What had happened? Google had changed its search algorithm. The Foundem founders filed a complaint, but to no avail. They say that no one was willing to explain to them what exactly had caused the downgrade, or what they could do to be moved back up to the top of the list. Foundem was still getting top billing on other search engines, like Yahoo.
The Digital Wilderness
The couple filed a complaint with Competition Commissioner Almunia in November 2009. It worked. Only a month later, Google apparently reversed the banishment of Foundem, and the price search engine promptly shot back up to the first page of search results.
The Raffs' return from the digital wilderness, however, came only after being strung along by Google for more than 40 months. Their fighting spirit had been awakened. "The whole time, Google claimed that its searches were neutral and behaved as if there were no problems," says Shivaun Raff. "It's as if you were standing in front of an exploding fireworks factory and said: 'People, there's nothing to see here!'"
The couple documented how Google had allegedly handicapped their company and other vertical search engines. Foundem alleged that Google's "Product Search" price comparison service is systematically given preference. From 2007 to 2009 alone, "the flows of customers to leading British price comparison services declined by 41 percent, while the number of visitors to Google Product Search increased by 125 percent."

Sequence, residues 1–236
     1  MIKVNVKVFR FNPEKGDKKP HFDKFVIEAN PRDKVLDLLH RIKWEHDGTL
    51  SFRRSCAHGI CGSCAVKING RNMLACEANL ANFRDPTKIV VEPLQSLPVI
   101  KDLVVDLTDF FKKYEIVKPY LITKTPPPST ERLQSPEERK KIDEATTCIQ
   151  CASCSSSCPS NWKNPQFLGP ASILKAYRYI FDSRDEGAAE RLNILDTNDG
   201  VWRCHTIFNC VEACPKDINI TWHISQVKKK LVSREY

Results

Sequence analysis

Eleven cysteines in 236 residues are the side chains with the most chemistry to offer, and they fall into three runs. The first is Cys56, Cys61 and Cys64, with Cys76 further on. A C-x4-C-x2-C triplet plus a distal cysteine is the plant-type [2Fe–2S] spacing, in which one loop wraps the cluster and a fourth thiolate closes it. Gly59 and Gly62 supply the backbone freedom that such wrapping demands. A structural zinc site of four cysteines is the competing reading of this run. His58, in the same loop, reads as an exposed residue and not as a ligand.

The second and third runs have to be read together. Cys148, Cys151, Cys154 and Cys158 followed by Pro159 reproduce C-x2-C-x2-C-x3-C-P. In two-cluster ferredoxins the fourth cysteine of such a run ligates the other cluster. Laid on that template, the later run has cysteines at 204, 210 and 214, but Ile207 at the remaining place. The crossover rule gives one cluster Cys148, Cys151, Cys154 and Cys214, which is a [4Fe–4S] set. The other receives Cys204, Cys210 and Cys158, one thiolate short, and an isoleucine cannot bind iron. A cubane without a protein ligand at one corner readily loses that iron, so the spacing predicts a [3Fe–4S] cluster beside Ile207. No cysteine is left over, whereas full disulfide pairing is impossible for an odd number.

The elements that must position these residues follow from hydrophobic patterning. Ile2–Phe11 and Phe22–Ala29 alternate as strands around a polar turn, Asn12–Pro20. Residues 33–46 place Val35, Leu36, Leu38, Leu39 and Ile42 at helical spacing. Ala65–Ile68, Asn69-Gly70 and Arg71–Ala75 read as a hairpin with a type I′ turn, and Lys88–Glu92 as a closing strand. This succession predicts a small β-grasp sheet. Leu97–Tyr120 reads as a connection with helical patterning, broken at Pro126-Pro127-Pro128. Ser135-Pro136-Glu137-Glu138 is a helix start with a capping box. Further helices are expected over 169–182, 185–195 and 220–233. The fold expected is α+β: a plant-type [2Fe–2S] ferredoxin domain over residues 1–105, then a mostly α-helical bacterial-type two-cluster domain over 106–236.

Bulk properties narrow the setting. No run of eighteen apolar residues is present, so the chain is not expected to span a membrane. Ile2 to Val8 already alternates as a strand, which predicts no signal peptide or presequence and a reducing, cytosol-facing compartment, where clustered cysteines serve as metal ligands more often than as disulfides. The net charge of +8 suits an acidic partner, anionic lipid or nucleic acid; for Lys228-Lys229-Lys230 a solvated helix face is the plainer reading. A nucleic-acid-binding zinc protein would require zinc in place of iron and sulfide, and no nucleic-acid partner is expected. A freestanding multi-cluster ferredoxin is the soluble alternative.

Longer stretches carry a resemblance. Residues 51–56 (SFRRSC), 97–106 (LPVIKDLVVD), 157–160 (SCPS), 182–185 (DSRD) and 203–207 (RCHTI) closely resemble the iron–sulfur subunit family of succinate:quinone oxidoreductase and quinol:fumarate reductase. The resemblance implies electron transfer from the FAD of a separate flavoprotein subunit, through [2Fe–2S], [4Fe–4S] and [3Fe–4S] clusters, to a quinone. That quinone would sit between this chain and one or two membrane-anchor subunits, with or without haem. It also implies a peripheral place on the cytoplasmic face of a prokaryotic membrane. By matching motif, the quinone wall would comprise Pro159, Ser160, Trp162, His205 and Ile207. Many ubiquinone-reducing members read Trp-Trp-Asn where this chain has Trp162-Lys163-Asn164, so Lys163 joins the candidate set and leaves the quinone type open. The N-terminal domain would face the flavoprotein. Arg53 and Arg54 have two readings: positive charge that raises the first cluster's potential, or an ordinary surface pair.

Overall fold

The Raffs provided extensive documentation of these figures with screenshots and infographics, and compiled a nine-page document summarizing their results. In the document, titled "How Google's Universal Search Mechanism Threatens Competition and Innovation on the Internet," they contend that the manipulation of search methods "transforms Google's ostensibly neutral search engine into an immensely powerful marketing channel for Google's other services."
Google counters that it analyzes websites "without consideration for whether they compete with Google," and that its main criterion is "what's useful for the user."
Don't Tangle with Google